9. Marketing without permission, isn’t. Interaction trumps interruption. Let go of the illusion that you can bother people into buying from you. Be respectful or be ignored. Do you feel entitled to yell at people, or have you earned the right to whisper to them?

10. Opportunity without leverage isn’t. There’s always time to kill two stones with one bird. Let go of the lie that luck is real. Be listening for the knock or be left behind. Now that you have this, what else does this make possible?

11. Revolution without ridicule, isn’t. Brace yourself for the waves of antagonism. Let go of the assumption that everybody has to love you. Be a little hated or be a lot forgotten. Will you accept the bullets as the price of winning?

12. Selling without solving, isn’t. When you’re the answer, you can name your price. Let go of the fantasy that your customers are stupid. Be the answer or be the adversary. What pervasive, expensive, relevant and urgent problem do you solve?

13. Service without soul, isn’t. True power comes from personhood. Let go of the desire to outsource the human function. Be a real person or be picked last. How does your brand bring its humanity to the moment?

14. Success without significance, isn’t. Contribution trumps currency. Let go of the dogma that making money is what matters most. Be contributing or be consigned to oblivion. Are you making sales, making a point, making a mark, making a difference or making history?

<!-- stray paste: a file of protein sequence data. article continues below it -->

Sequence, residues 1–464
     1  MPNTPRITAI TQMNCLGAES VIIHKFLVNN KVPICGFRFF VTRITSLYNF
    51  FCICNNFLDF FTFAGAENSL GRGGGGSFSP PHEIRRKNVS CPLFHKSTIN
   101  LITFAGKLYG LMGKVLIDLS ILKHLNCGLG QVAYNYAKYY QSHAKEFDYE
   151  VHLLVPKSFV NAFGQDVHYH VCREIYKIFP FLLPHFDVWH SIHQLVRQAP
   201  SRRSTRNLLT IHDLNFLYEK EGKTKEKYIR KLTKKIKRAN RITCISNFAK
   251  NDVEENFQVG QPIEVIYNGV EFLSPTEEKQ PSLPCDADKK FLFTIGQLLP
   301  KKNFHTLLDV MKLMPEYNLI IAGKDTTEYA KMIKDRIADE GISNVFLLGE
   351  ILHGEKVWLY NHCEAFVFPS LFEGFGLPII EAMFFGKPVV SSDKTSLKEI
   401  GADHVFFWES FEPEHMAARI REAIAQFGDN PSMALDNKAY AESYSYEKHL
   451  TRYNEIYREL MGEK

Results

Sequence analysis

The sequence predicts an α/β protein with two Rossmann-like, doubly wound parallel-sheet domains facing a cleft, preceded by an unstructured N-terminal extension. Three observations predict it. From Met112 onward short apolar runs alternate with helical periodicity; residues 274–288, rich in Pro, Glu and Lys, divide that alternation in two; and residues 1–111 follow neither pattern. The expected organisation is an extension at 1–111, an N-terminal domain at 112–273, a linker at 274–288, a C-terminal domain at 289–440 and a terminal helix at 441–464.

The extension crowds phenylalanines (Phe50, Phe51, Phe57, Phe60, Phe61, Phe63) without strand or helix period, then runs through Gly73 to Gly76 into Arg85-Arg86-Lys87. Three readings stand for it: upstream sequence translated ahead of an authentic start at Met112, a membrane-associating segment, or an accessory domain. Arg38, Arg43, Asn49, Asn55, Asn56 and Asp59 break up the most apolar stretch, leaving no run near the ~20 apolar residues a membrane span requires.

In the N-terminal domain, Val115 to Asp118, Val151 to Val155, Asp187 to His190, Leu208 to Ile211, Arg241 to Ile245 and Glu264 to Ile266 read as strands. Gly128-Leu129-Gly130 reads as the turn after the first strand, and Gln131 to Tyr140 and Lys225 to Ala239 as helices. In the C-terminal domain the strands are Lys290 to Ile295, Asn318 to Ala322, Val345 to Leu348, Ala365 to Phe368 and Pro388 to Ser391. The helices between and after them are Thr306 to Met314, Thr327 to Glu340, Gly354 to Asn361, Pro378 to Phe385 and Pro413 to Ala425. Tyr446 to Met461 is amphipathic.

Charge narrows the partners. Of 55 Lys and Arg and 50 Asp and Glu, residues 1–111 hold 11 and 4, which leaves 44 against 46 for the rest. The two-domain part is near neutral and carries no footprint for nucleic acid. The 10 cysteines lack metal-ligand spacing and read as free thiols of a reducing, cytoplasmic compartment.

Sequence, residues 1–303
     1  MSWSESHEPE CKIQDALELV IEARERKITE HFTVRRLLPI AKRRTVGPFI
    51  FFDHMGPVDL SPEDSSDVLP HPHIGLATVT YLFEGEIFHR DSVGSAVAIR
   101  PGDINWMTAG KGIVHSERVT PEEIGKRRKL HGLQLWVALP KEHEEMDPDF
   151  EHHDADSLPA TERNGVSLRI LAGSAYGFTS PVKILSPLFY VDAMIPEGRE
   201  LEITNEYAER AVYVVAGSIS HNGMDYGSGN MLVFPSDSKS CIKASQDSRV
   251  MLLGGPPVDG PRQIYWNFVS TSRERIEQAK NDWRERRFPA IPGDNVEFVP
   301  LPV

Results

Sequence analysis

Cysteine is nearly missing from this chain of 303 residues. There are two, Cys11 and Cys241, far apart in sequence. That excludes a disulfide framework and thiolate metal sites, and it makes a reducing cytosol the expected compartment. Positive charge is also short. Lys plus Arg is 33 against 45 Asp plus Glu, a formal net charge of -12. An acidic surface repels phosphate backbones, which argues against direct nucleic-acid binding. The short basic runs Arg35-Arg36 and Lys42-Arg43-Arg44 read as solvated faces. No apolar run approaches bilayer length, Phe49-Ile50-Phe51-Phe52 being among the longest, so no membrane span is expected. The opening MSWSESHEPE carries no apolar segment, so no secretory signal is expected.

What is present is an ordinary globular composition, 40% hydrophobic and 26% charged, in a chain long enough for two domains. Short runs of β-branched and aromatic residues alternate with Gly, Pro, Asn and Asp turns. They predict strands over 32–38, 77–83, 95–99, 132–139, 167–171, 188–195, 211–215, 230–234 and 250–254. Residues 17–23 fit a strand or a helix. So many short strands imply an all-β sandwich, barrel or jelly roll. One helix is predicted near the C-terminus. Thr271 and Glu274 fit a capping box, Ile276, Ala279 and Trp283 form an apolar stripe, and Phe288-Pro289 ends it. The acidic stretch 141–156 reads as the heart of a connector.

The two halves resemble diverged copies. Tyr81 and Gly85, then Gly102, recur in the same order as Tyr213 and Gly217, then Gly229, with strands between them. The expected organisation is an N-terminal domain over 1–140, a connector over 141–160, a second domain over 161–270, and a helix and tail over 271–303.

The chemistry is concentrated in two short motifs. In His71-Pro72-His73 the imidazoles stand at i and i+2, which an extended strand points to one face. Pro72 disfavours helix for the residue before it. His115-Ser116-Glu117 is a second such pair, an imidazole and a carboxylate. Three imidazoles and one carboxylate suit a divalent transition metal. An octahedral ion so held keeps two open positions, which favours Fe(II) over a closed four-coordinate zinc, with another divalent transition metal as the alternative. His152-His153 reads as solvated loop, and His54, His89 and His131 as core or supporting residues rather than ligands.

15. Work without play, isn’t. It’s nothing but drudgery. Let go of the delusion that there’s a separation between professionalism and playfulness. Be a kid or be kicked to the curb. Are your growing younger?

REMEMBER: When you skip key ingredients, something is going to taste off.

In work, in life and in love, make sure you’re not overlooking what matters most.

What are you overlooking?

For a list called, “11 Ways to Out Google Your Competitors,” send an email to me, and you win the list for free!

* * * *
Scott Ginsberg
That Guy with the Nametag
Author, Speaker, Publisher, Artist, Mentor

“I usually refuse to pay for mentoring. But after Scott’s first brain rental session, the fact that I had paid something to be working with him left my mind – as far as I was concerned, the value of that (and subsequent) exchange of wisdom and knowledge, far outweighed any payment.”

–Gilly Johnson The Australian Mentoring Center

Rent Scott’s Brain today!

Adventures in Nametagging: Psychics, Sushi & Prescription Drugs

“Acts of friendliness in moments of anonymity.”

That’s why I wear a nametag:

To invite people to join me, to remind the world that face to face is making a comeback and to create spontaneous moments of authentic human interaction infused with a spirit of humor, playfulness and connection.

And if a picture is worth a thousand words, a nametag is worth a thousand stories.

Here are my most recent adventures:*DAY 3,872: Today a man sitting next to me at the airport used my name. I asked him if he was psychic. He said no. I wonder if he knows that I know he knows?

*DAY 3,873: Today I met my friends for sushi. They invited a girl named Sonal, whom I’d never met. When we shook hands she thanked me for wearing a nametag and said, “That’s so non-threatening.” Never thought of it that way, but I supposed it is one less name to remember.